On Diversity and Cultural Development
A statement from Jane Bradshaw, the General Secretary of the ASinA
I’d like to talk about diversity and cultural development in relation to the Anthroposophical Society in Australia. The recent Hearts Online webinar (6 June, 2021) provided an opportunity for individuals discuss these issues and to the members to present questions to the four presenters speaking to this theme.
Now I would like to respond with a statement myself concerning this ongoing and sometimes divisive discussion.
Foundation Statutes of the Anthroposophical Society of 1923
As members of the Anthroposophical Society, we know from the Foundation Statutes of the Anthroposophical Society of 1923 that the Society is entirely public. Anyone can become a member as long as they recognise the justification for of an institution such as the Goetheanum in Dornach in its capacity as a school of a spiritual approach to understanding science. Membership is open to all, without regard to nationality, social standing, religion, scientific or artistic conviction.
The Anthroposophical Society in the world consequently rejects any kind of sectarian activity. Party politics is not considered to be one of its tasks to address.
But we must ask: what is sectarianism? We stand by the Statutes of 1923 and it is time to make a public statement in regards where we stand as a community, in the contemporary Australian context. Rudolf Steiner intended the Society to be cosmopolitan.
Standing as an individual who hears a universal call
As a spokesperson for the Society, I also speak as a nurse, and an individual who hears a universal call to stand for human rights. I currently bear witness to injustice and inequity, in Australia.
In many ways this inequity is highlighted since the pandemic of 2020-2021. Those who are isolated become more solitary and the poor become further impoverished. The unwell, deteriorate mentally and physically. A human response is to imbue warmth and empathy to others, to reach out a hand of friendship.
We all play a role in the zeitgeist and are co-creating our current reality and laying seed for the future reality.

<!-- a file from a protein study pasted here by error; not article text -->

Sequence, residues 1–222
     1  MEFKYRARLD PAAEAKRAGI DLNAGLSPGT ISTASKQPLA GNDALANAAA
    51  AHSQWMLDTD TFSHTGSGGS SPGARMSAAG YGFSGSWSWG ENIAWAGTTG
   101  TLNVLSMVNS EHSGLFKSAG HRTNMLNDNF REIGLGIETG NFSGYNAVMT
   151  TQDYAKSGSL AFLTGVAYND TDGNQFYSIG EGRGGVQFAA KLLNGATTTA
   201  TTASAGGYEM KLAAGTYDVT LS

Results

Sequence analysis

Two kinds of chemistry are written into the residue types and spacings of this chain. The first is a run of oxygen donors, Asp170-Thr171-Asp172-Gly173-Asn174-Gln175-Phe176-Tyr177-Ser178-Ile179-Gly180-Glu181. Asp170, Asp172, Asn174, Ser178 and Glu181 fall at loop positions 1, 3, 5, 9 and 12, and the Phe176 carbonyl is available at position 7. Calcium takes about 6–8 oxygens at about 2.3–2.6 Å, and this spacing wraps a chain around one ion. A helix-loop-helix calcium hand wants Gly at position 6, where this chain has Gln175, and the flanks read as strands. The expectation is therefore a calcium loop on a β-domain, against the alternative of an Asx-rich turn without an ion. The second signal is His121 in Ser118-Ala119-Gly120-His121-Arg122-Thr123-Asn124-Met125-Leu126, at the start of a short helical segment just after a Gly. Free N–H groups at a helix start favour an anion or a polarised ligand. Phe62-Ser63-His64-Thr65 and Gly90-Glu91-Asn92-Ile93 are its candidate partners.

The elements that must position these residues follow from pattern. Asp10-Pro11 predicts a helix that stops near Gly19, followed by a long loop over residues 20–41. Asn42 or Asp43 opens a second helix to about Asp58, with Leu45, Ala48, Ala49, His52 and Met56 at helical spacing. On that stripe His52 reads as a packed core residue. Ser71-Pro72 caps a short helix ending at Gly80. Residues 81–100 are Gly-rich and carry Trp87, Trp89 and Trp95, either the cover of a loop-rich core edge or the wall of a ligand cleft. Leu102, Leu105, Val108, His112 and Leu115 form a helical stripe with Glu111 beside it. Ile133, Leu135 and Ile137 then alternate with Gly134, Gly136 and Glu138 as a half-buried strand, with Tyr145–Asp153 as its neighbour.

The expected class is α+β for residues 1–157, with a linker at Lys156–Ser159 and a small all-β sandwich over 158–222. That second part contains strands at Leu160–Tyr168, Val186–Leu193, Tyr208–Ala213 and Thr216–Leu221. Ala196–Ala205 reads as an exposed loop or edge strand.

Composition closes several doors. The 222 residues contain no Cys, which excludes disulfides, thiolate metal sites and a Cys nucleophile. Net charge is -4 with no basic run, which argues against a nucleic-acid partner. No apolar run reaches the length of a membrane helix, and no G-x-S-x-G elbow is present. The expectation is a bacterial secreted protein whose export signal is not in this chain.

I understand what is meant by ‘ethical individualism’ when I hear the words of Steiner. In his lecture ‘The presence of the dead’ (Paris, May 25th, 1914), he speaks of ‘developing a feeling for community,’ stating that we leave our mark everywhere. We all connected, a single organism, attuned to the other and there is an invisible bond connecting all things. We understand in this context that the welfare of individual is meaningless if the welfare of the community is not alongside it. This is a principle of ethics.
Rudolf Steiner (GA194, 30 Nov 1919) also speaks about ‘freedom of thought’ in the human realm and that every thought is impressed into the world ether too, then this is the karmic responsibility of everyone.
Freedom of thought, freedom of speech
I wonder what of ‘freedom of speech’? Is accepting complete freedom of speech is different. If words are ignorant, or threatening, are misogynistic or racist or untruthful then they too press into this world ether. Could not accept complete freedom of speech within my family, my community, or within the Anthroposophical Society?
So let us begin to search deeply within ourselves. Let us investigate through our threefold thinking, feeling and willing selves. Let us listen deeply within and listen to each other.
Jane Bradshaw, General Secretary of the Anthroposophical Society in Australia.
‘Knowledge of human worth, feeling for human dignity, willing love for humanity: These are the most beautiful life fruits nurtured in mankind when he assimilates what is bestowed on him by spiritual science’
Steiner, R. ‘Anthroposophy’s Contribution to the Most Urgent Needs of Our Time’, Lecture 5 September 1921.
Editor’s Note, 22 July 2021: Upon reflection and after recent discussion with members, this post has been amended from the original post, On Diversity and Cultural Competency, as was published on 20 June 2021. You can find the original post here.